If you run into delays, which will cause you to have to shut down before an appointment can legally be made, let your DM know as far in advance as possible. Drive Legal Always!

  2. Safely Driving in the Rain

    Make checking your wiper blades a part of your everyday inspection routine. If the blades are worn, replace them immediately. Even a few seconds in a heavy rain without wipers can result in a serious accident. Carry spares always.

    Make sure your lights are ALWAYS ON when driving. Try to be as visible as possible to traffic around you.

    Do not change lanes in heavy rain with reduced visibility caused by heavy rain or spray from the road. Maintain your lane no matter how slow traffic is in front of you.

    Do not follow too close or make sudden lane changes. Do not slow down suddenly with your brakes as vehicles behind you in your tire spray may not be able to see your brake lights as they come on.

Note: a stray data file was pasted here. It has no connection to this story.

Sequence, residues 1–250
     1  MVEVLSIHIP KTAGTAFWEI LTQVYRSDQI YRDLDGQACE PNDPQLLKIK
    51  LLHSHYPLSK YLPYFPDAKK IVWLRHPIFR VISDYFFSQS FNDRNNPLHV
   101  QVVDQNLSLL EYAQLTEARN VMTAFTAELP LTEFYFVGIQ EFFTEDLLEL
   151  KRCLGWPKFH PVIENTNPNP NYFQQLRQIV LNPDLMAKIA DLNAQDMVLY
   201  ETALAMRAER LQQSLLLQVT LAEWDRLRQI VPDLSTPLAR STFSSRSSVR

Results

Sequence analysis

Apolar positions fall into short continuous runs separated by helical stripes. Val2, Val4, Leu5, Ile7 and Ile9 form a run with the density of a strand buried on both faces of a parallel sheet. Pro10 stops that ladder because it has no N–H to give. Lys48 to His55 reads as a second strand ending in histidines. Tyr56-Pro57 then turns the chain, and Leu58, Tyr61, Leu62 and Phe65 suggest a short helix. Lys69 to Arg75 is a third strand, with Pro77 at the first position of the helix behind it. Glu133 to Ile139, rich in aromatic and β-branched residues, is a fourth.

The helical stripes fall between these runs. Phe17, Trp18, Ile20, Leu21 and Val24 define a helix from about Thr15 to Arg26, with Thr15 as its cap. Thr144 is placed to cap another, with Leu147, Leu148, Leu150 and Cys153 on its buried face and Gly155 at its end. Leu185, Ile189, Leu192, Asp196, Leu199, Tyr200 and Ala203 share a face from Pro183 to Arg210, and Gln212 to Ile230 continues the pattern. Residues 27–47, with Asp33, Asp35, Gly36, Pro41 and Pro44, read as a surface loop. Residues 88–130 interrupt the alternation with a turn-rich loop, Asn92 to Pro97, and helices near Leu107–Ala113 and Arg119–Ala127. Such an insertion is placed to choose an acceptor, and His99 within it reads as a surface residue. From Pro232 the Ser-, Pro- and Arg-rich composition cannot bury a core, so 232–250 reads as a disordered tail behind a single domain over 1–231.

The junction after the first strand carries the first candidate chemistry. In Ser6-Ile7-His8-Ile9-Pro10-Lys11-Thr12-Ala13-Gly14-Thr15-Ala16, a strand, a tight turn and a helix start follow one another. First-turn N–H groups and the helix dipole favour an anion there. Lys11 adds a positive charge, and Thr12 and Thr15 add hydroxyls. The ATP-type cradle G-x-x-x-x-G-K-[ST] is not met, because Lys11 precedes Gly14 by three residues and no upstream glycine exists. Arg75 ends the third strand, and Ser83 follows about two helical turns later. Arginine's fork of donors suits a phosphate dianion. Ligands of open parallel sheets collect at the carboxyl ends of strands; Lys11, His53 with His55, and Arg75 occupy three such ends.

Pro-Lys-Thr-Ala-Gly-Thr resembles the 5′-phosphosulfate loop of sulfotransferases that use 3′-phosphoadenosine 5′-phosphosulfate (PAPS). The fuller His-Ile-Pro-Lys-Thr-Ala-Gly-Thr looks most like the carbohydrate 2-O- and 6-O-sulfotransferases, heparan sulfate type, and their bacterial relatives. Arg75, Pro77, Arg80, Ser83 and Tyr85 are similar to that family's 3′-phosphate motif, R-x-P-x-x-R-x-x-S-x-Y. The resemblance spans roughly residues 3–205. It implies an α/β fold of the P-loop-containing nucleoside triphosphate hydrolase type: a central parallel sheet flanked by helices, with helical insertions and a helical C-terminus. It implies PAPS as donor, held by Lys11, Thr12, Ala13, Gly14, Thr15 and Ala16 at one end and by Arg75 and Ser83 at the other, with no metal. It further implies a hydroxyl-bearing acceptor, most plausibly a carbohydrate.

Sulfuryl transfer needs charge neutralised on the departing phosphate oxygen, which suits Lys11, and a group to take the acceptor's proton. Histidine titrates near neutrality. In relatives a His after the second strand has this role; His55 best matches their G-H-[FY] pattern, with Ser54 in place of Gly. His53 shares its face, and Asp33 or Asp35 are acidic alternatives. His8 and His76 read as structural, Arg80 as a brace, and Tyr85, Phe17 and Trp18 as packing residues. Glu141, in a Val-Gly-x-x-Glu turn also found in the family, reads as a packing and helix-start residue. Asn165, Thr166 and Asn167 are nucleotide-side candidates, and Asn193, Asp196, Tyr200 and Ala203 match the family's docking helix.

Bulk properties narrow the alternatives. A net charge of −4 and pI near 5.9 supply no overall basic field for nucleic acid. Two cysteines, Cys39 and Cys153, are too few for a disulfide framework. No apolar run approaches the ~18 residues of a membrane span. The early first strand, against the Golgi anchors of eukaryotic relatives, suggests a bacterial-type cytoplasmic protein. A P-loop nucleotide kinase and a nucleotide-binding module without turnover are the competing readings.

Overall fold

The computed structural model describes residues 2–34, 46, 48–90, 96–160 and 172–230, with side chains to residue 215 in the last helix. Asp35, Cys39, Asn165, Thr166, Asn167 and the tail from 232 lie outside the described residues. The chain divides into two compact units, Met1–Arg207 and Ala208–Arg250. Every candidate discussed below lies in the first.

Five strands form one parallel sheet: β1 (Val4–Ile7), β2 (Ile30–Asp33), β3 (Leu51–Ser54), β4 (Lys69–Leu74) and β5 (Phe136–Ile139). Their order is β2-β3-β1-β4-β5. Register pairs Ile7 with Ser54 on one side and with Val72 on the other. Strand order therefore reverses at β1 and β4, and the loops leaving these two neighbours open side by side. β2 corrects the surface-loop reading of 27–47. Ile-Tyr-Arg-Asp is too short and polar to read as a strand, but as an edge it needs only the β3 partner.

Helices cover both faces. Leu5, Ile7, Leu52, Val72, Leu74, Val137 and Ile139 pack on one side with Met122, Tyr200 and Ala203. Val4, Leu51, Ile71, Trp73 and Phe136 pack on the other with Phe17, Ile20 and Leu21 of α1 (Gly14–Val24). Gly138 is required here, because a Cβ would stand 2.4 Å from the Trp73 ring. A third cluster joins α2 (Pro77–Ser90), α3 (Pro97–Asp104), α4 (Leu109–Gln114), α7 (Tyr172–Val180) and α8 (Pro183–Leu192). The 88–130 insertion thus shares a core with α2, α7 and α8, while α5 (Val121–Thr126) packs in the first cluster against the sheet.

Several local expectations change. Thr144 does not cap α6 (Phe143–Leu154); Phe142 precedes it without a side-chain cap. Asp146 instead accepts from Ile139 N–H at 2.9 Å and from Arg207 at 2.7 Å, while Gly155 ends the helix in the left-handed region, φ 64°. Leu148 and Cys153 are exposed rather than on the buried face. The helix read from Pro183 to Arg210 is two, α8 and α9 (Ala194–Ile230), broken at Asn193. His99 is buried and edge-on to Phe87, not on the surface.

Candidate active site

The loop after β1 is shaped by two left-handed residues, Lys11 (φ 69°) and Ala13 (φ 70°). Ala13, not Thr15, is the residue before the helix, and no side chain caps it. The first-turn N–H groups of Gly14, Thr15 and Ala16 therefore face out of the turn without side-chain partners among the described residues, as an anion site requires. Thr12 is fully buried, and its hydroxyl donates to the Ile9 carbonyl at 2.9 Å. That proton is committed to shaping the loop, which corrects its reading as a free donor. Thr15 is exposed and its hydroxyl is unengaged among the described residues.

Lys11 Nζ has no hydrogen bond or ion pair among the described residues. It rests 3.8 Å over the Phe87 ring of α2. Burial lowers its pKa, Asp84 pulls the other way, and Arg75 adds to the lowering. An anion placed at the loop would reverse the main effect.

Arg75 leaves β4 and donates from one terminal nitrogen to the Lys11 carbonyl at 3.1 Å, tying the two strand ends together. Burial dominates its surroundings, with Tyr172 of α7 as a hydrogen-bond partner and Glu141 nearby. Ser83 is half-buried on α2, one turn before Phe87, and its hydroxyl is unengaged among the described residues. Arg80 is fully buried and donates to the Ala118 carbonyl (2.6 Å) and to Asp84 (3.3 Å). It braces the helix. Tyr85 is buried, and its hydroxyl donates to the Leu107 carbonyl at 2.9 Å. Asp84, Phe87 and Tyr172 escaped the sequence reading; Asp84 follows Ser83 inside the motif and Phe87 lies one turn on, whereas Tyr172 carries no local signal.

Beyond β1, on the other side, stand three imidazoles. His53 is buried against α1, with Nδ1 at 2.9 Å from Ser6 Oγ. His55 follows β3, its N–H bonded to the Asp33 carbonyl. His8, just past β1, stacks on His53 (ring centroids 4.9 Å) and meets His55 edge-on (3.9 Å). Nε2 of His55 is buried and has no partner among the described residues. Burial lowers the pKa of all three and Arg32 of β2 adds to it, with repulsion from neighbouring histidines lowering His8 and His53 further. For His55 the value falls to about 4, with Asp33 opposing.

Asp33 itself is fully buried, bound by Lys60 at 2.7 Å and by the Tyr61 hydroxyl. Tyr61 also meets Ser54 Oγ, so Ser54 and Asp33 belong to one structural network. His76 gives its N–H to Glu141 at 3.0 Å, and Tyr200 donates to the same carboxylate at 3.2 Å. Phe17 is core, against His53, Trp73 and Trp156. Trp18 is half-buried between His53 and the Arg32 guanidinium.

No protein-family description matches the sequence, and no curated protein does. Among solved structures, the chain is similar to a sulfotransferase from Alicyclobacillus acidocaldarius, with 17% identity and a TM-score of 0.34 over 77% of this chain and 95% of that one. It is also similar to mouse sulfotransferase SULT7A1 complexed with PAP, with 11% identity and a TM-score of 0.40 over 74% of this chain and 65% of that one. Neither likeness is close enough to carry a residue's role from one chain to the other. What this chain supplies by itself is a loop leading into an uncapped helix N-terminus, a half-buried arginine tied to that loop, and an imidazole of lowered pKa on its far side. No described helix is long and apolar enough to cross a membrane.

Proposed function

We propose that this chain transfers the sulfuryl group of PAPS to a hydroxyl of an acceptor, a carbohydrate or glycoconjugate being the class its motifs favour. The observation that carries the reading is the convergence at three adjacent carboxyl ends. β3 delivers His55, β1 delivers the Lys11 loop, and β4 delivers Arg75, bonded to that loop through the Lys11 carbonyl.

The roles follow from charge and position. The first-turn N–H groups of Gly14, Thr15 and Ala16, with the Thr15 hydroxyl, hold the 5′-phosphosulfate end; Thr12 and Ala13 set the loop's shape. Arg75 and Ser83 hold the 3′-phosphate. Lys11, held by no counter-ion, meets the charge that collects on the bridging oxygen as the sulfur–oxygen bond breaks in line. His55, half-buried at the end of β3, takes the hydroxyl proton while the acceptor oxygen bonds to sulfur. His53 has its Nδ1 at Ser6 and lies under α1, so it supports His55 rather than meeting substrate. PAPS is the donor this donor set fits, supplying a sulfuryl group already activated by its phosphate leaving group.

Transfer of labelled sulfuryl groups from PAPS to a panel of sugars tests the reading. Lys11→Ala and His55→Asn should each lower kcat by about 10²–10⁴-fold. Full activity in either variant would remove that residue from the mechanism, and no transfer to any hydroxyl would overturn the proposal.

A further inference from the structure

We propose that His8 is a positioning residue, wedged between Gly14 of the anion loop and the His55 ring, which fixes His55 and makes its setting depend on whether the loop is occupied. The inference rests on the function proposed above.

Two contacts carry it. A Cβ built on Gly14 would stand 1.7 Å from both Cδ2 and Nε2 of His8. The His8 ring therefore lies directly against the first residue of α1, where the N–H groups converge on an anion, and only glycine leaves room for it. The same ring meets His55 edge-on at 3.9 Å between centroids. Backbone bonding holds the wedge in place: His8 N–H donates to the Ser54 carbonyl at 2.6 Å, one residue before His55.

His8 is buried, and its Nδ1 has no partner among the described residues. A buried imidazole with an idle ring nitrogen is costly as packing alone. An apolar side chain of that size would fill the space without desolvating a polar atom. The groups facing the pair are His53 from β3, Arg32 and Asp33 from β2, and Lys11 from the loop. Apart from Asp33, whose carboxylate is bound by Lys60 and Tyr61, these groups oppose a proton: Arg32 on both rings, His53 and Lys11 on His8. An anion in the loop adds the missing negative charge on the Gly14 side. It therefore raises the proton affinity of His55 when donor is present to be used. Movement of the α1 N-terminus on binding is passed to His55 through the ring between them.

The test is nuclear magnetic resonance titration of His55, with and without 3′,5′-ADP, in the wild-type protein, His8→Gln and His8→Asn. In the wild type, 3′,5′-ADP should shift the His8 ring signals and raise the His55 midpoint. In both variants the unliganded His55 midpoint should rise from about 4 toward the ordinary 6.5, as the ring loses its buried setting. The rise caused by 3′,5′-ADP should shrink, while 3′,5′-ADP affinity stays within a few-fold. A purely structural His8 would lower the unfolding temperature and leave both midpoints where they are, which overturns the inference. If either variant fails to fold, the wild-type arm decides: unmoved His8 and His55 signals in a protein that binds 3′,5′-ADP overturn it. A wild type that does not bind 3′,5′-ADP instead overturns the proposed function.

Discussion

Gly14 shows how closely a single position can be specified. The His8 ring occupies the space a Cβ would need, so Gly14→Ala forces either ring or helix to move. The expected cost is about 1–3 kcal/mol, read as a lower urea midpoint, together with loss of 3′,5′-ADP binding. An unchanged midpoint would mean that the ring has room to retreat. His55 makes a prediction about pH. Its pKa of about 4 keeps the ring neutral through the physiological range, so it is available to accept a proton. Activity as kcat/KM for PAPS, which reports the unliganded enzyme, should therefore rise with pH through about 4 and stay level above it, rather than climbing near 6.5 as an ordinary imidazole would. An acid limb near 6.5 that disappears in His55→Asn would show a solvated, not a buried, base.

Turn on your defroster fans and mirror heaters as the inside of your cab glass and mirrors will quickly fog up, reducing your visibility.

    Turn your radio off, as you do not need any distractions and you need to be able to hear any warning horns or sirens.

    If the rain is too heavy, get off the road as soon as you safely can to avoid becoming involved in an accident.

  3. Spring into Safer Driving

    1. Spring showers bring May flowers - and wet driving conditions. Slow down on slick roads. Keep in mind that even a small amount of water can mix with oil and road dust to create slippery conditions.

    2. Be sure your vehicle is ready for rain by replacing your windshield wipersat least once a year. Don’t drive faster than your wipers can clear water from the windshield.